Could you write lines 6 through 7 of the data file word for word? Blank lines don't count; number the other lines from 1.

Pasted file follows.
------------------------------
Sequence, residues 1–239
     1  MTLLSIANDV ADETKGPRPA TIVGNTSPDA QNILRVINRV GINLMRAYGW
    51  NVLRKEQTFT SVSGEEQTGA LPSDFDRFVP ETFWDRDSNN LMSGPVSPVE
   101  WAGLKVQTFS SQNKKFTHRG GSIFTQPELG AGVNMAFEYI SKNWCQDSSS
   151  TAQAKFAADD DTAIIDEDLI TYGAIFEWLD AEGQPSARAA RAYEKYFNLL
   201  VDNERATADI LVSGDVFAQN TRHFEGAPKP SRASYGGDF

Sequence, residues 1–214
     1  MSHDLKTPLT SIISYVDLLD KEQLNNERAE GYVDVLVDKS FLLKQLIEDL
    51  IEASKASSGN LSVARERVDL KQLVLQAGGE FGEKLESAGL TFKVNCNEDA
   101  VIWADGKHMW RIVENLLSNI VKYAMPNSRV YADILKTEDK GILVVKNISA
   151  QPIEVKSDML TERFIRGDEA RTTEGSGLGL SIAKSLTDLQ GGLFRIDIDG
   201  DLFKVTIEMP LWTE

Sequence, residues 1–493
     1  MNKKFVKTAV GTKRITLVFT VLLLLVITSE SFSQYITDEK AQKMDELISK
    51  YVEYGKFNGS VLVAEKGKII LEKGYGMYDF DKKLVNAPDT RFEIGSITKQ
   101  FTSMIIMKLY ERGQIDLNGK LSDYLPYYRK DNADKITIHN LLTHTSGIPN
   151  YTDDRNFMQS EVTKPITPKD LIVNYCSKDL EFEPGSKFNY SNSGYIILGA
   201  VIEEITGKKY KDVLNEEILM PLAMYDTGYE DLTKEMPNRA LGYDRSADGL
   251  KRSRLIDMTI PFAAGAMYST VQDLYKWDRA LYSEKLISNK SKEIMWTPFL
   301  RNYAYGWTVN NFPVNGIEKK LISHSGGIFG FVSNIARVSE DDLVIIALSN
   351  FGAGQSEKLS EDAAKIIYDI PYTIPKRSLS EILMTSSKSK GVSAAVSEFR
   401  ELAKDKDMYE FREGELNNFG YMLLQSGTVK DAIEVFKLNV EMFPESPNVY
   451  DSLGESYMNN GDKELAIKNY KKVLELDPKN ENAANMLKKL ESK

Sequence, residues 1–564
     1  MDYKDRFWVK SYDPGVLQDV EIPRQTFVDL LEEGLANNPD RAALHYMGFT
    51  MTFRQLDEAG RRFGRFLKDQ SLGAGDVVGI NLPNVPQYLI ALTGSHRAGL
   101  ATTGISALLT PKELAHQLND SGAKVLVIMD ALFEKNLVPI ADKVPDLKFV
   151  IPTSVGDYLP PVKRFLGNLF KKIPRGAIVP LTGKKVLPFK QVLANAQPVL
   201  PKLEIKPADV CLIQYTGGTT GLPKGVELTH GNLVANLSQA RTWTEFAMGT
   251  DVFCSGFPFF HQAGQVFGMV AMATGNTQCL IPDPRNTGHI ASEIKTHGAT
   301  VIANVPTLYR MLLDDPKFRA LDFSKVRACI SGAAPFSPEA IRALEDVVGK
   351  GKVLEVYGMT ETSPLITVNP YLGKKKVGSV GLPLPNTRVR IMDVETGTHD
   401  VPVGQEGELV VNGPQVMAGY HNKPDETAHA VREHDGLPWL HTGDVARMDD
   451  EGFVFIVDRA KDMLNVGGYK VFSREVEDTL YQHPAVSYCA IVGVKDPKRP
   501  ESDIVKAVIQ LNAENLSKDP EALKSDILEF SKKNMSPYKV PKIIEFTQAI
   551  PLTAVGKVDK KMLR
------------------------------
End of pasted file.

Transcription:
   201  VDNERATADI LVSGDVFAQN TRHFEGAPKP SRASYGGDF

Sequence, residues 1–214